Guywithdoubts said: That phrase is used to keep people aware that there is no center of the universe and that popular artistic depictions of the Big Bang (you know, the little bright light emanating things) are not correct. Like they explained before, if the universe is infinite or it's curved so that is finite but there are no boundaries (think of the balloon analogy), then all points started separating from each other, thus "it happened everywhere at once".

Thanks for all the replies. Very good information. However, I need to ask another question. Am I mistaken in saying I think the phrase "the big bang happened everywhere at once" could be rephrased as "inflation happened everywhere at once." Having asked that, even I dont think that is correct because, if I remember correctly, inflation began a micro-fraction of a second AFTER the big bang.
Yet alot of you seem to be referrencing inflation in your answers.
Am I making it harder to understand than it is? Is my "eloquent" answer simply that space time started at a "point" (I know this is not correct but I dont know how to phrase it right) and then inflation expanded space/time to "everywhere at once"?
I also want to sk about the universe having to center. If the universe is infinite, that is understandable. But if the universe is finite, it is harder to understand. How can any finite geometric shape have no center?
P.S. I am very happy to have found a place to enrich my understanding of life, the universe, and everything. ;)

Last edited: Nov 12, 2014
16. Nov 12, 2014

### phinds

You are getting confused because of the two radically different ways the term "big bang" is used. One way, the only way in my opinion that is meaningful or helpful, is the "Big Bang Theory" which is a very (but not completely well understood description of how the universe evolved starting at about one Planck Time after the "singularity" and saying NOTHING about anything before one Planck Time (other than "don't know WHAT was going on back then") and the other is just a reference to the singularity (more properly called the Big Bang Singularity) which is just a place where the math model breaks down and something we can't really say anything meaningful about (other than "don't know WHAT was going on back then")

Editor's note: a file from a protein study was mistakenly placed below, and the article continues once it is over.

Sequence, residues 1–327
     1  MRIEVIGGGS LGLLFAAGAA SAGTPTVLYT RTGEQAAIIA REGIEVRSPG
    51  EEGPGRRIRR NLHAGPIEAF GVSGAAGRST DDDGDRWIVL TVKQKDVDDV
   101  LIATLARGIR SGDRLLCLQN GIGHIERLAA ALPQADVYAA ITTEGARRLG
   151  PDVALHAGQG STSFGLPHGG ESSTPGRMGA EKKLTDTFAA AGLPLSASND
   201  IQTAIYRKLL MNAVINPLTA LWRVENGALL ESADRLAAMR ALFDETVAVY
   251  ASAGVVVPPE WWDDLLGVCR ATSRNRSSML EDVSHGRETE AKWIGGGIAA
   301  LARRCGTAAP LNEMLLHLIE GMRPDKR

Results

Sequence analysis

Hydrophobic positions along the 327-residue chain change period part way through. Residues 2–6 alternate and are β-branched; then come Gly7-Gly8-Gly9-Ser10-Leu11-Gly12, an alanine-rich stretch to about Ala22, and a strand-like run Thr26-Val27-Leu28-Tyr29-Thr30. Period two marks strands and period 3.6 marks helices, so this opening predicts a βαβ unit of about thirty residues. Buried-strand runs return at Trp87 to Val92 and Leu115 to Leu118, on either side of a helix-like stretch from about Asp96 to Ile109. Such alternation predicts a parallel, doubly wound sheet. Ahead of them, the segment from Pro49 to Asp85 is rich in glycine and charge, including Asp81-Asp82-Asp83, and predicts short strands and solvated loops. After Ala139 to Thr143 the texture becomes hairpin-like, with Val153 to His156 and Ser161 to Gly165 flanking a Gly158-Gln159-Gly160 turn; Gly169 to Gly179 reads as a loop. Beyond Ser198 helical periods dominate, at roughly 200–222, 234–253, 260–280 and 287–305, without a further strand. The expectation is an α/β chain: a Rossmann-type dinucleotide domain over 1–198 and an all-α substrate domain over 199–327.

Also, I would suggest that you refrain from saying that anything started out at a point and just say that it started out at a TIME and we don't know HOW it started out but we know a lot about what happened since then.

17. Nov 12, 2014

### CaptDude

I find this to be a very interesting question. Could somebody please give a thoughtful reply?

18. Nov 12, 2014

### Helios

For an infinite universe, I don't believe that shrinking the scale factor will every result in a point. A point is finite. An infinite universe does not extrapolate back to a point. It never resembles a point at any stage, ever. A point-singularity is absurd.

But an infinite singularity ( sounds oxymoronic ) also is confounding. How can time start everywhere at once. It's as if we had an infinite number of marathon runners poised on an infinitely long starting line and God says "on your mark, get set go" and he fires a track pistol. Or how could inflation begin or end everywhere at once, as if a memo were distributed "inflation will begin in one second" and the whole infinite universe is going to get the word.

19. Nov 12, 2014

### Staff: Mentor

The point is not part of spacetime (see my previous posts), so it's not the result of "shrinking the scale factor" the way you appear to be thinking of it.

However, it is true that the limit of the scale factor as the singularity is approached is zero. This could be described (sloppily) as "shrinking to a point". But it's not a "shrinking" in any physical sense; it's just a mathematical statement about a limit.

Time doesn't have to "start". It's just a coordinate, a way of labeing events. Or, if you like, a way of slicing up spacetime into an infinite sequence of spacelike slices, each of which is labeled with a "time", and each of which represents "space at an instant of time". If the universe is spatially infinite, then each of those spacelike slices is infinite.

We actually don't know that it did, and inflationary models don't require it to. They only require that inflation began and ended homogeneously within our observable universe--which, since our observable universe was much, much, much, much smaller when inflation ended (smaller than an atomic nucleus, IIRC), does not present any problem.

20. Nov 12, 2014

### julcab12

Actually that's how they describe and imagine singularity -- infinitesimal scale/density and the direction of the pure equation. Unless some dynamic is introduced. It can either bounce, tunnel or both depending on how we model reality. We really don't know. IMO It is more intuitive to think that our universe is in a state of transformations/transitions and identify each extent/event in a temporal fashion than weak origins and creation.